My recent hankering for a melodeath fix came via a healthy binge of Edge of Sanity. And for what it may have lacked in innovation, Rogga Johansson‘s latest solo venture also hit the nostalgic sweet spot of the heftier qualities of vintage melodic death. Throw in the impressive debut LP from Eternal Storm and my sometimes dormant hunger for melodeath has been reinvigorated. Enter Sweden’s Pandemonium, a long running yet unfamiliar act returning with their fourth full-length album and first since way back in 2008. A veteran outfit returning to the game after a decade long hiatus creates an interesting proposition.
Somber atmospheres, brooding melodies of the wintry and melancholic variety, and solid dollops of gruff vocals and blasting aggression bookend songs bristling with energy and smart instrumental chops. Pandemonium possess the fundamentals to create an exciting album. There’s some interesting embellishments thrown into the mix, such as blackened and symphonic elements, adding layers of burnt cheese likely to divide potential listeners. Take the grand, thrashy punch of opener “And Death Was the Way” for instance. The fluttery, distracting synth work and questionable spoken word deviations coupled with bloated length dulls the impact of a song with potential to rip harder than it does. And with the majority of songs cracking at least the six minute mark, Monuments of Tragedy often falls victim to a lack of discipline in the self-editing department, leaving positive ideas stretched beyond their welcome.
When Pandemonium nail the balance and push their stronger qualities to the forefront there’s much to enjoy in sporadic doses across the album’s hefty, just shy of an hour runtime. Dancing through influential pastures of the frosty melancholy of Insomnium and vaguely blackened bombast of Dimmu Borgir, Pandemonium do a good job of not being tied too closely to any one source. “Under the Banner of the Blood Red Sun” grafts symphonic grandeur atop a blackened melodeath base, swiftly engaging their ambitious, technical approach with a scathing, slightly off-kilter blend of aggression and keen sense of melody. While Pandemonium struggle to gain my full attention or boost enthusiasm significantly throughout the album’s duration, songs like the impressive “In Search for Euthanasia” ripple with urgency, classy orchestrations, dynamic twists and headbangable riffs, demonstrating the band’s ability and potential, sadly left unfulfilled as far as consistently interesting writing is concerned.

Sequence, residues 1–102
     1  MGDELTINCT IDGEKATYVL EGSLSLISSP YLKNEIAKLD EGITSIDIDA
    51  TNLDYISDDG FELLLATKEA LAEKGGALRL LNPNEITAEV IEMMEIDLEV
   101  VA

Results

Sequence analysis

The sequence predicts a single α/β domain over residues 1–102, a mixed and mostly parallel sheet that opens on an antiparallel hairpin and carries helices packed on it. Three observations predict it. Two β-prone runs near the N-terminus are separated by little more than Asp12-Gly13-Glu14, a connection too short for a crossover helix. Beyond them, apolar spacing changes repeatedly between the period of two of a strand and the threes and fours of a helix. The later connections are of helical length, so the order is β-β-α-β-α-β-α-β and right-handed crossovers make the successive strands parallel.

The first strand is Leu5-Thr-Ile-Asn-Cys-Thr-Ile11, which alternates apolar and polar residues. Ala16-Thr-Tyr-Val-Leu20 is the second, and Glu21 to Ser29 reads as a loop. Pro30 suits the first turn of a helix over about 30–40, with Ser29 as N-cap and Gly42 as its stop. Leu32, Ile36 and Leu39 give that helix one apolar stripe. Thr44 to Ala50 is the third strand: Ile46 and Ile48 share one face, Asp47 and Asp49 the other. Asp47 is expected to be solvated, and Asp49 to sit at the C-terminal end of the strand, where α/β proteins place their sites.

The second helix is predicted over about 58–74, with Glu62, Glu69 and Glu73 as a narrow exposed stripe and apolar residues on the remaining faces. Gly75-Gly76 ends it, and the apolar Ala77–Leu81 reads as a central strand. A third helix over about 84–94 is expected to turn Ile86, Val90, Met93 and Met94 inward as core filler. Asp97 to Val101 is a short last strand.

Excellent musicianship features across the board and although the symphonic elements don’t always sit well with me, at their least obtrusive the synths offer a pleasant melodic counterpoint to the scything harmonies, rugged riffs and energetic drumming. Monuments of Tragedy has the building blocks of a really enjoyable melodic death album. Aside from the cheesier synth integration, Pandemonium boast a muscular edge, exemplified in such beefy, groove-laden cuts as “The Code,” ensuring a reasonably healthy balance between pristine melodic strokes and triumphant gallops with aggressive turns, including searing blasts and rugged grooves. However, the significant gulf between genuinely interesting, gripping content, bloated song lengths, and album duration tests patience and sends the mind wandering. This critique could be aimed at the Eternal Storm album, but here the compositions and writing aren’t on the same levels, resulting in a more detrimental outcome.
Strictly on a technical level Pandemonium acquit themselves very well and clearly there’s been a hell of a lot of time and craftmanship dedicated to the construction of the album. At its most potent, Monuments of Tragedy features some stellar moments and assured songwriting, steered off course by excessive convolution and cheesy tropes infiltrating song structures. In the end Pandemonium have chalked up an album difficult to dislike but equally hard to heartily recommend.